The Western Hare Scrambles series picked back up again after summer break in Jericho, Utah. This is a pretty familiar race site for most of us because we used to have two national Hare and Hounds out here every year. Now we only have one but this year they also scheduled a Hare Scrambles as well. It would be my first time racing a Hare Scrambles at this location but the terrain would be the same. Leading up to this race I got to do some riding in the area and spend a few days camping at Hyrum, Lake with my wife and our fur babies. It was a nice break from the heat we have had at home to get up above Salt Lake City and spend some time relaxing. We couldn’t have asked for better weather on our trip as it would get a little warm in the day but have really cool evenings and mornings. We had a great time and never wanted to leave but we were excited to head to the races for the weekend. We got out there late Thursday night and the clouds were rolling in. I expected some big rain storms the next few days but we had a lot of clouds and showers off and on. With the area being super silty and dry it was going to take a lot of rain to make it not be dusty. I knew the start would be important as it always is but even more this time.
When the banner dropped my usual starts went away and I was sitting there as everyone took off. I quickly regrouped and got my bike fired up and luckily for me we had a really long straight away before the first turn. I swung out wide and made a lot of passes before the corner and then coming into the first turn I banged bars with a few guys sending all of us bouncing around. I ended up coming out of the mayhem and dust cloud in 2nd that my teammate Axel Pearson created by nailing the start. Now I set off trying to make a move on him but the dust was just too thick and he was riding really well. I had to back off for the dust to settle in some sections and then when we finally made it up into some wetter dirt try to catch back up to him. I could see him inching away from me but I knew it would be a long race. About halfway thru lap 1 I started feeling flu like symptoms and having really bad stomach cramps. It was hard to even focus on racing at this point but I really didn’t have a choice. These stomach cramps and flu symptoms would haunt me all day and really put a dampener on my day. I made it around the first lap in 2nd about 30 seconds down from Ax but what we didn’t know is 3 of the pros had taken a wrong turn and ended up on the morning course. This cut out about 5 miles of our course. We had no idea but our pit crews were really confused as they had seen us leave being 1-2. Right in the beginning of lap two I took a line to the right of the main line and this led me straight into a 6ft g-out ditch with the other side being a vertical wall. With no way of clearing the ditch I held on and went for the ride. I smashed the other side of the wall with a big force folding my body in half over the bike. I never even came close to crashing as my bike stayed perfectly straight thanks to my precision concepts suspension. The first thing I felt when I realized I wasn’t crashing was my left wrist. Instantly I thought I broke it again. Anyone who races motorcycles knows when something is broke or not and it instantly went a little numb and got tight. Then after that I realized I really couldn’t see. I had gotten such bad whip lash it had knocked me silly. I had to climb a hill that was super silty afterwards and I could barely stay on the off camber trail my vision and balance were so off. At that point I was done for the day. I slowed way down the next two straights pissed off that I just ruined my day. About that point my vision started getting better and I decided to see how long my wrist would hold out. I didn’t really have a choice as I had to get to the finish somehow. Luckily for me it was my left hand and all I had to do was hold on with my flex handlebars it provided a little bit of cushion. I knew catching Axel was probably out of the question but I needed to stay in 2nd. I put my head down and just kept on riding knowing the finish would come at some point. Finally after 4 grueling laps we got the white flag. I got some fresh Viral Goggles from my beautiful wife and a pep talk from her and knew I could hold on for one more lap. It ended up being a really good lap for me and I finally rode a lot better than I had been earlier in the day. With my stomach still acting up and my wrist getting worse by each whoop we hit I finally made it to the finish in 2nd overall.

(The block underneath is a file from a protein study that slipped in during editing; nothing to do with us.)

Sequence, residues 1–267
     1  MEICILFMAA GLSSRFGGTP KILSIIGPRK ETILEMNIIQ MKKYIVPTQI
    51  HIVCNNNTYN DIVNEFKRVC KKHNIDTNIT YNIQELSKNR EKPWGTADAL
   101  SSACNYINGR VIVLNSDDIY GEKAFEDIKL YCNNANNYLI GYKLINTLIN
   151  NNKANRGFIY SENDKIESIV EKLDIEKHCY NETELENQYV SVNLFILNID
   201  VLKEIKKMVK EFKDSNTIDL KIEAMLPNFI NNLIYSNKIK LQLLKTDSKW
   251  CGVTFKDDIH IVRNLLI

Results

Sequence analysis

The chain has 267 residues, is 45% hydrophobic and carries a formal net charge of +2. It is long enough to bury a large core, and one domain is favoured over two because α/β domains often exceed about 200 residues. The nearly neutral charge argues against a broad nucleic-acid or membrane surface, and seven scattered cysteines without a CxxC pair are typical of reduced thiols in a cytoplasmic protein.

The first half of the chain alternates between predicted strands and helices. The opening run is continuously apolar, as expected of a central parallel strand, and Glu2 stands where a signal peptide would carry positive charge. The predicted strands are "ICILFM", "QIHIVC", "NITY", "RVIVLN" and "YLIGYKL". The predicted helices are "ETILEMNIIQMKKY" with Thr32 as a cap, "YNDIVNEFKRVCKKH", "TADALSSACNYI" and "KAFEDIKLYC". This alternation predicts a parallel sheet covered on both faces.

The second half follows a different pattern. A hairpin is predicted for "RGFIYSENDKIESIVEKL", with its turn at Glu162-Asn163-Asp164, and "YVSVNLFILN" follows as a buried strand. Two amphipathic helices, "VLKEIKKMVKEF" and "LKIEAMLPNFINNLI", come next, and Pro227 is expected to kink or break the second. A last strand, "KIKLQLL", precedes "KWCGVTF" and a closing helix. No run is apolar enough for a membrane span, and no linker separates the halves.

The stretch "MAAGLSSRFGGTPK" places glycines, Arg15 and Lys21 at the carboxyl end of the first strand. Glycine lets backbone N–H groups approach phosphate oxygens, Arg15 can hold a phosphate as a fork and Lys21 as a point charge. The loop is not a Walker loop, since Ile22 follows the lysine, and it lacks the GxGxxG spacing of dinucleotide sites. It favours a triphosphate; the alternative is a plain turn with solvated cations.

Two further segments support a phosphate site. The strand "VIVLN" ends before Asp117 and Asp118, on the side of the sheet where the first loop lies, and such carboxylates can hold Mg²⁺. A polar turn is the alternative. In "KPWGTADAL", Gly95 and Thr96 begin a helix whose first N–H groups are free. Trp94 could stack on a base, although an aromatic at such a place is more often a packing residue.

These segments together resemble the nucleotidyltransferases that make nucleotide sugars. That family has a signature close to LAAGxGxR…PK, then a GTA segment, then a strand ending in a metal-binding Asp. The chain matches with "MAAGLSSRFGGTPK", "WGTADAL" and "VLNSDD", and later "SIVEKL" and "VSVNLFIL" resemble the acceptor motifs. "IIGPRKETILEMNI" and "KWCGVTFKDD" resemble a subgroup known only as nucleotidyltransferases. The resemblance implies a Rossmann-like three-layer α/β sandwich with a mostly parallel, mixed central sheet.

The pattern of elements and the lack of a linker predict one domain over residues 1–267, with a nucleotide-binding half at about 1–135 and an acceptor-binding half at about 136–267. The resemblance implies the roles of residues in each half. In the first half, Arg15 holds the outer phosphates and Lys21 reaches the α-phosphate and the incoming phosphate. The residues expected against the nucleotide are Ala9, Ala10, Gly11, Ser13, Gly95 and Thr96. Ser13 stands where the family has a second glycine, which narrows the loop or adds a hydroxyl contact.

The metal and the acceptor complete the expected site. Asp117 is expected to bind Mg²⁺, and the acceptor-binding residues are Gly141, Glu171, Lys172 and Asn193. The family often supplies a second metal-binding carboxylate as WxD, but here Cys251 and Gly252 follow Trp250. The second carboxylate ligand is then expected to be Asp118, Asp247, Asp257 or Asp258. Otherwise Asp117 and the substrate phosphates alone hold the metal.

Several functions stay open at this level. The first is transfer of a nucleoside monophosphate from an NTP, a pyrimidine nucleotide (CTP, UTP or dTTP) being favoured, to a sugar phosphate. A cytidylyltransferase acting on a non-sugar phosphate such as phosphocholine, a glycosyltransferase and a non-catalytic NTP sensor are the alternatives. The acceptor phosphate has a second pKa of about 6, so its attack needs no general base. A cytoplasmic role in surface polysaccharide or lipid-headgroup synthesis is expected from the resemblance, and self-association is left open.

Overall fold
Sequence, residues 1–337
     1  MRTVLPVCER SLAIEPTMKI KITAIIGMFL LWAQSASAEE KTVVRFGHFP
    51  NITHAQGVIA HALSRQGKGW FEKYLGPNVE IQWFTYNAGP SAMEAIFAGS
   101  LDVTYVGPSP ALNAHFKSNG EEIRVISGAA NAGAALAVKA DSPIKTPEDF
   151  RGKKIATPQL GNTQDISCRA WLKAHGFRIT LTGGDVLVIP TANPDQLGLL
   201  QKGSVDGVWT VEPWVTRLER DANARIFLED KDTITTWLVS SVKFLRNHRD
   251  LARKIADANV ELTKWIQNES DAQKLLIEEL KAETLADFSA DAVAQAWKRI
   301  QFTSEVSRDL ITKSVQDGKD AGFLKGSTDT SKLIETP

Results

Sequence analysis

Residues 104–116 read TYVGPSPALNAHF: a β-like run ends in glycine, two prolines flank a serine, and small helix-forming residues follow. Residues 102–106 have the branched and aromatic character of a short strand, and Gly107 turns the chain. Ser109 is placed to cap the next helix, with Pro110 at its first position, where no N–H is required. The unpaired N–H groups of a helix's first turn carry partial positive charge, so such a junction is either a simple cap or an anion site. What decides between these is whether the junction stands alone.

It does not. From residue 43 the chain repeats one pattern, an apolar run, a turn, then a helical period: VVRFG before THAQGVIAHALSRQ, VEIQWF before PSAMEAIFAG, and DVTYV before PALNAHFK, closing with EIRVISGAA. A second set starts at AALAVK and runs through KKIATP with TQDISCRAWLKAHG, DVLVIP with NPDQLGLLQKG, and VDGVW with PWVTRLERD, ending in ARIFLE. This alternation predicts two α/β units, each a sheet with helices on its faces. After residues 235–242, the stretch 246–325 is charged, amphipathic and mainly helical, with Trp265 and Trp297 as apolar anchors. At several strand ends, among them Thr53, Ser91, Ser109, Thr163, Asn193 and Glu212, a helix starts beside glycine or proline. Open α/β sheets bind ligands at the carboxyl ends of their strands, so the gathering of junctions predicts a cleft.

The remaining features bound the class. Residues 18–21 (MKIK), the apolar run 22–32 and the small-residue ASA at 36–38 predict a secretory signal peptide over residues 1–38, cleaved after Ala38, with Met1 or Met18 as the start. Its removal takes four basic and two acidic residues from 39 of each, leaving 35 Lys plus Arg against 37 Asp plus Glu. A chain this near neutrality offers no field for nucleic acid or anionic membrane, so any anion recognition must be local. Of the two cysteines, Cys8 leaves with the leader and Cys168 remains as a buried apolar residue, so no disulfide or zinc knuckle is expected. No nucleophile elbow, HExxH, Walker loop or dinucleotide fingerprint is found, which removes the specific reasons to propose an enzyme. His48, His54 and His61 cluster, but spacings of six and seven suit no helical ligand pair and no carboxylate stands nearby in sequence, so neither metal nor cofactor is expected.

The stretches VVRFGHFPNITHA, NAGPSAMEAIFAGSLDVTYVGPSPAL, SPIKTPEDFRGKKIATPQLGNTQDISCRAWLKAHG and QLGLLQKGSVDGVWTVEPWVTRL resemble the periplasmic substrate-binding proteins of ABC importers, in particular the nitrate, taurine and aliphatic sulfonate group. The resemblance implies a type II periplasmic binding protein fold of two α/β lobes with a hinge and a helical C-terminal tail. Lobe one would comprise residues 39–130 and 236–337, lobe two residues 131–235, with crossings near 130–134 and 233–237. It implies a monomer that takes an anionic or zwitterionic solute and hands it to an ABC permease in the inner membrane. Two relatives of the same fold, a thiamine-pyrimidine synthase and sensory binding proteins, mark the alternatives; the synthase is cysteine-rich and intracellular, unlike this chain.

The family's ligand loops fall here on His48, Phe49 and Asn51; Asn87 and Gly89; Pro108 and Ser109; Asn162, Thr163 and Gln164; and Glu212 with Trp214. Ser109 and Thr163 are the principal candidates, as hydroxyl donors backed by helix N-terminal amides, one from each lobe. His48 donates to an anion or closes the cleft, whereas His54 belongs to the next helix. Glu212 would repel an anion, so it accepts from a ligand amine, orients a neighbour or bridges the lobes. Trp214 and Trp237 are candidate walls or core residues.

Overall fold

It was a rough day for sure but this is what makes off-road racing what it is. So much goes on in the 2-3 hours that we are out there that if I we tried to tell someone that didn’t know racing they wouldn’t believe you. There are so many close calls, little crashes, missing course markings, running into people, almost hitting downed riders that it’s an experience you can never imagine until you race. This is why I love the racing that we do so much because you can have a horrible day but if you don’t quit and keep going by the time the checkered flag fly’s you would sign up and do it all again right away. It also takes a support system to keep you motivated and keep everything flowing. I know that my wife and my parents support me more than I could ever ask for. In that moment there is nothing my wife wouldn’t do for me that would help benefit me in my racing. The same goes for our team. I know that I have 100% support with my team and that our boss Ron Purvines would do anything possible for us to help make our day easier and better along with Collin Woolsey that puts so much time into making our bikes perfect, and that we have anything and everything we need on race day. He makes sure our pits are the fastest they can be and I know I never have to worry about losing time in the pits. The only thing I have to worry about is getting myself out of the way which doesn’t always happen. The next race is in another month and I’ll have time to heal and work on my weaknesses to be more prepared!